Legislation on sustainable finance to be kick-started by EU this week

European Commission will table its first proposals

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The European Commission will submit its first three legislative proposals under its Action Plan on Sustainable Finance this week, and announce which market players have been selected to help it develop its definitions of what counts as sustainable.
The Commission expects to make the announcement on Thursday. RI understands the proposals will be more-or-less aligned with the Commission’s Action Plan on Sustainable Finance, published in March, and will kick-start the process of realising the document’s ambitions.

Sustainable Taxonomy

Firstly, the Commission is expected, as stated in the Action Plan, to propose regulation that will enable an EU taxonomy on sustainable finance to be created and “regularly updated”, laying out the principles and scope of the initiative. A Technical Expert Group on Sustainable Finance will be publically announced this week, and will oversee the evolution of the taxonomy, “establishing an EU classification system for sustainable activities”. Its development has been underway informally since the inception of the High Level Expert Group on Sustainable Finance (HLEG) at the end of the 2016, under the stewardship of the European Investment Bank; but the Action Plan says the new group will have to provide an official version early next year, focusing on climate mitigation. However, insiders say the plan is now to move on to adaptation, waste, water and the circular economy by the end of this year. The taxonomy is expected to become legally binding at EU level towards the end of next year, and will underpin the creation of standards, labels, benchmarks and potential capital ratio changes. The Technical Expert Group is expected to include former members of HLEG, alongside new experts. There have been calls from market participants for the group to include more banking representatives than were seen on HLEG, as well as more individuals from scientific backgrounds, with a broader range of EU countries represented. The group will also be tasked with producing a report next year on how to create an EU green bond standard, although insiders say the work on green bonds has “proved more complicated than first thought” and won’t feature heavily in this week’s round of announcements.

A “platform on sustainable finance” is planned to launch alongside the regulation in the third quarter of 2019.

Investor duties

Secondly, the Commission is expected to take forward HLEG’s proposals on investor duties. As stated in its Action Plan, it will table a proposal to “clarify institutional investors’ and asset managers’ duties in relation to sustainability considerations” and more concretely, amend “MiFID II and IDD delegated acts to enhance consideration of sustainability in suitability assessment” this month.“The proposal will aim to (i) explicitly require institutional investors and asset managers to integrate sustainability considerations in the investment decision-making process and (ii) increase transparency towards end-investors on how they integrate such sustainability factors in their investment decisions, in particular as concerns their exposure to sustainability risks,” the Commission said in March.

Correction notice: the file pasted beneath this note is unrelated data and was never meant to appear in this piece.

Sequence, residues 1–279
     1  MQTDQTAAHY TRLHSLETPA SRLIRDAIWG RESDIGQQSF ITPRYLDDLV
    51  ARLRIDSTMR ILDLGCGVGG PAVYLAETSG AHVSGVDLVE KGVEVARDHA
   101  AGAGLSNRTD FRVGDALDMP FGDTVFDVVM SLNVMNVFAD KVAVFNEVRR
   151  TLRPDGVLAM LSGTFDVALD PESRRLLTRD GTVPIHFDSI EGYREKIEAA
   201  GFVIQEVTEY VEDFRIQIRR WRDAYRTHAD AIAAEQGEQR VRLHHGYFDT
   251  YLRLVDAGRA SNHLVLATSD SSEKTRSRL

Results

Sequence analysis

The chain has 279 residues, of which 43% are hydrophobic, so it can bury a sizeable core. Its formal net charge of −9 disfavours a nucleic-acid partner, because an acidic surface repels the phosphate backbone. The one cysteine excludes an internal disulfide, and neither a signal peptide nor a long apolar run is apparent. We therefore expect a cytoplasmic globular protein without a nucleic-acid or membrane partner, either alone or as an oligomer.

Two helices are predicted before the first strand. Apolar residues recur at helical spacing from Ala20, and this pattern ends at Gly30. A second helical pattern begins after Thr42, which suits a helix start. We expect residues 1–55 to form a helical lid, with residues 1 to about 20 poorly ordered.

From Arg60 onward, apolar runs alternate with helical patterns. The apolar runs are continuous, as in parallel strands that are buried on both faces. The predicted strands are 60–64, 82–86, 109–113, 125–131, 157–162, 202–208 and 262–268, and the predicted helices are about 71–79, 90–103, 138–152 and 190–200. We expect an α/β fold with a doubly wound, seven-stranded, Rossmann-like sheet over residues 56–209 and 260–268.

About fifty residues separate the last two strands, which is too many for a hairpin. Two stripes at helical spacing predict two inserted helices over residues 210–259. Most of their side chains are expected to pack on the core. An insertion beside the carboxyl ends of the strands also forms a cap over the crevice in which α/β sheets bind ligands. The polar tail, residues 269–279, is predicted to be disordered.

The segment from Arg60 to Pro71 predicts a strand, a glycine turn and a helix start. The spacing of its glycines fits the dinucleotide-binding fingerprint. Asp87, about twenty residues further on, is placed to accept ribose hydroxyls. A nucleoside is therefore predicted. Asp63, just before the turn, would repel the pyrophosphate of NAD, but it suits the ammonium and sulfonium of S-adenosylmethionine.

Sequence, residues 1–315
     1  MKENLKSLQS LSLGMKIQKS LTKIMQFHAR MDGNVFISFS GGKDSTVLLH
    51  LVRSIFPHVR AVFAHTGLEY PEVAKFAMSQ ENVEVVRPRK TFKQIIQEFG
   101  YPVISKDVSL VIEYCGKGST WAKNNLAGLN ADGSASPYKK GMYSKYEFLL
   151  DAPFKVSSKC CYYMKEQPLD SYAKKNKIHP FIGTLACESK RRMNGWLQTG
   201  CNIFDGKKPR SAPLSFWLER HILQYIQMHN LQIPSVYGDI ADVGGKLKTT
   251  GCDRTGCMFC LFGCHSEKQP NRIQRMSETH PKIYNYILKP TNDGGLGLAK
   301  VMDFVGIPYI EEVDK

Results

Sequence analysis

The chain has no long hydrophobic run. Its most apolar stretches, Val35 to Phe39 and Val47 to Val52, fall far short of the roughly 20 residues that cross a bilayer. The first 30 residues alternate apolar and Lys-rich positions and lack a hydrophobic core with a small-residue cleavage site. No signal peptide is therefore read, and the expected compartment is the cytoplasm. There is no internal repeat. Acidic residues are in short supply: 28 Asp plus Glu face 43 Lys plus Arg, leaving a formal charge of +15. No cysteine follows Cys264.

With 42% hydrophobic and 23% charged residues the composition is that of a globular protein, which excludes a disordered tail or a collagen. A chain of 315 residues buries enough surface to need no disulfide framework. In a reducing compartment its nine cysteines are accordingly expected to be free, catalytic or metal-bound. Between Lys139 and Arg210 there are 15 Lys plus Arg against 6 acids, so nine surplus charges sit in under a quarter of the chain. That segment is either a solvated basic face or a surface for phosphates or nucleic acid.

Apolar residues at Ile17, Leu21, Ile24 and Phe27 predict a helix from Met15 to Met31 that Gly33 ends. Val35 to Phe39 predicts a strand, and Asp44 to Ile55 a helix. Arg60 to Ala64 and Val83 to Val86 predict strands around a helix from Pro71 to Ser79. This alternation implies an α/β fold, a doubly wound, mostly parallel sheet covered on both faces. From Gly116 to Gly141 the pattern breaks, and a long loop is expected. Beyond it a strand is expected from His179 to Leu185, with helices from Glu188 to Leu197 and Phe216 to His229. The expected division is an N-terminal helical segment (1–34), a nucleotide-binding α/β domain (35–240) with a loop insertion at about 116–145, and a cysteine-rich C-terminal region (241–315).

Part of this proposal is slated to be a request for more disclosure from asset managers and asset owners on the topic – “in particular for their exposures to climate change-related risks”.


Thirdly, insiders say the Commission will push ahead with a proposal on benchmarks. It will adopt delegated acts to address the transparency of index methodologies – particularly those promising low-carbon alignment – to enable investors to “better address the quality” of sustainability benchmarks. It may also announce an initiative to create “a designated category of benchmarks comprising low-carbon issuers”. If it does the latter, its newly-appointed Technical Expert Group will publish a report next year on how to design such benchmarks so that they align with the EU’s 2°C policy objectives.
Earlier this month, the European Commission detailed its plans to create an InvestEU Fund to help finance its sustainability goals as part of the post 2020 European budget. The fund, an evolution of the current European Fund for Strategic Investments, will provide EU guarantees via the EIB and other partner institutions to scale up debt and equity investing into eligible projects with the hope of creating solutions that can be adopted by individual member states too. It will also be used for other policy objective as well as social and environmental ones.
The Action Plan stated in March that the Commission will begin, by the end of June, assessing the possibility of applying the existing EU Ecolabel to financial products. It will also engage stakeholders on the potential for changing the mandate of credit rating agencies so they must integrate ESG into their assessments “in a proportionate way to preserve market access for smaller players”.